Road Threat to Tasmania’s Tarkine Wilderness

Tarkine National Coalition (TNC) has questioned the motives behind the watering down of the EPBC assessment approach to the Tarkine Road proposal in Tasmania.

The Federal Environment Minister Tony Burke has opted for the less stringent Public Environment Report approach despite the original Tarkine Road proposal being subject to an Environmental Impact Statement approach prior to it’s withdrawal. This comes on top of the Minister’s refusal to National Heritage List the area despite the former proposal triggering a Emergency National Heritage Listing in 2009 by former minister Peter Garrett (lapsed by Minister Burke in 2010).

“There are some questions here that the Minister must answer. Clearly the revise Tarkine Road proposal is not being subjected to the same scrutiny as the original proposal, at a time when the risks to the area are even better understood than in 2009,” said Tarkine National Coalition spokesperson Scott Jordan.

The resubmitting of the Tarkine Road proposal by the Tasmanian Government called into play a promise made by Minister Burke in December 2010 that if the Tarkine Road was resubmitted, that he would immediately re-list the Tarkine. The Minister failed to deliver on that promise.

TNC has maintained conditional support for the revised project, subject to the altered route, staging of the project sections and there being demonstrable evidence that proposed mitigation measures address the expected increase in roadkill of Tasmanian devil and Spotted tailed quoll normally seen with road sealing. So far no mitigation trials have been conducted and that evidence does not exist.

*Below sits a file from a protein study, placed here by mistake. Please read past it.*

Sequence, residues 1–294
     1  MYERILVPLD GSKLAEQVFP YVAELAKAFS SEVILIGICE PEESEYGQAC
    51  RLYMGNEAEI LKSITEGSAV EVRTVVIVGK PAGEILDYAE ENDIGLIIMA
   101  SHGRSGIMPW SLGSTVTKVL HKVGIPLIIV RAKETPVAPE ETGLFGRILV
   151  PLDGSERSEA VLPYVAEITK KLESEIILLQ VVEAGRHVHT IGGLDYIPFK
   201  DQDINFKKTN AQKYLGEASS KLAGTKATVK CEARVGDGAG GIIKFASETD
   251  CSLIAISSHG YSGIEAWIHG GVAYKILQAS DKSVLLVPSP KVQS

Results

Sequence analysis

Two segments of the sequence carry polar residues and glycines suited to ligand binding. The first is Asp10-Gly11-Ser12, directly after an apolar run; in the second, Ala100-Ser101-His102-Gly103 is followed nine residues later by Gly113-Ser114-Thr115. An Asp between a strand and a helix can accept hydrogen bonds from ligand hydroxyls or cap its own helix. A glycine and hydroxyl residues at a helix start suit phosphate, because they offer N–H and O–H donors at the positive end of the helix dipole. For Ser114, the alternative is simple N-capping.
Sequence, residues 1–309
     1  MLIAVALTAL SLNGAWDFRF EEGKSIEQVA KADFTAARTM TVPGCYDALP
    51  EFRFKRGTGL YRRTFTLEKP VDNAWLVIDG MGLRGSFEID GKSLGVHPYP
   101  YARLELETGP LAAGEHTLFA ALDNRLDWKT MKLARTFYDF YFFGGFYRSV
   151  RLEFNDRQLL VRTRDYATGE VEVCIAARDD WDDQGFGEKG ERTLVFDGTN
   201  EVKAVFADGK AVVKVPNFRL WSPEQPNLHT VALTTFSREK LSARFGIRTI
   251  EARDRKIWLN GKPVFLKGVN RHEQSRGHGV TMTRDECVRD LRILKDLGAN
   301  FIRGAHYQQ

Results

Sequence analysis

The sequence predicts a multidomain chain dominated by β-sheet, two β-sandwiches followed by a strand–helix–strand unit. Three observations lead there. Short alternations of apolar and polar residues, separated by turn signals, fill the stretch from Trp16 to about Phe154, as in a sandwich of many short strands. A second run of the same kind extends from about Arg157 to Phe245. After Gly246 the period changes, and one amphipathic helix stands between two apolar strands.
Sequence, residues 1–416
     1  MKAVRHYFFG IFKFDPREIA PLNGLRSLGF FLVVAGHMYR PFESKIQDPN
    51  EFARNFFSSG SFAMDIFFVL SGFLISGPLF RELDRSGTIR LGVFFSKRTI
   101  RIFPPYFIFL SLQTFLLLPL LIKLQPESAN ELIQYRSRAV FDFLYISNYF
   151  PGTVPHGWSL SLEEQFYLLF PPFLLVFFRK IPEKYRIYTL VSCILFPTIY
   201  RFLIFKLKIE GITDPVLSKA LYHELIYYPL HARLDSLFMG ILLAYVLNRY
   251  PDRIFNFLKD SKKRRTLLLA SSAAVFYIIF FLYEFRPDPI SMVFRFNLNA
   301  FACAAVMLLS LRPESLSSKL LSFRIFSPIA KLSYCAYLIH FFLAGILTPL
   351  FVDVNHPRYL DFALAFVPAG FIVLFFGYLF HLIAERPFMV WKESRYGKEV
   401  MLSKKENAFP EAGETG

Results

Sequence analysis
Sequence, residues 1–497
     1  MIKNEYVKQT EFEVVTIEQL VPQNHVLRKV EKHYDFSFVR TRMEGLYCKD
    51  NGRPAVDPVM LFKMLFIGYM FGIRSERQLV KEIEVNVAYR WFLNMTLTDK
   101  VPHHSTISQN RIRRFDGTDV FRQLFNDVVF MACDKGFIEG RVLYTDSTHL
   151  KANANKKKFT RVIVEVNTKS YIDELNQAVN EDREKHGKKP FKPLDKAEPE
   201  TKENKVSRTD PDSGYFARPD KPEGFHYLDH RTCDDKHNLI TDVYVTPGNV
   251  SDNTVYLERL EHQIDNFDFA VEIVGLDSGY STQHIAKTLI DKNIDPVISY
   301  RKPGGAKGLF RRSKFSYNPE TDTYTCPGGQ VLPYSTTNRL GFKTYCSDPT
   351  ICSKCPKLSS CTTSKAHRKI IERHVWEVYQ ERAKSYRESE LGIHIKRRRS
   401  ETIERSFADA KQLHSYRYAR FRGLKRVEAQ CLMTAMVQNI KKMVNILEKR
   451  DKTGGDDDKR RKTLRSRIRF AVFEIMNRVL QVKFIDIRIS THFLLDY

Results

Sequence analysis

“The lowering of the bar doesn’t make sense given that the state government is increasing it’s efforts to reduce the impact of the road. I suspect pressure is coming from other sources”.

 “In my estimation, the lowering of the assessment approach has less to do with the alterations to the route, but the fact that a mining company now needs this route for transporting product to ports”.

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Few understand how much transport influences land use patterns.  Transport leads land use.  Once an expressway or railway is built, it is easy to change the zoning and development laws to increase the population along the corridor.’

[Source: Then New South Wales Minister for Planning, Frank Sartor, Sydney Morning Herald, 20080929, p11]

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‘A road desecrates wilderness

and enslaves wildness’

~ Editor

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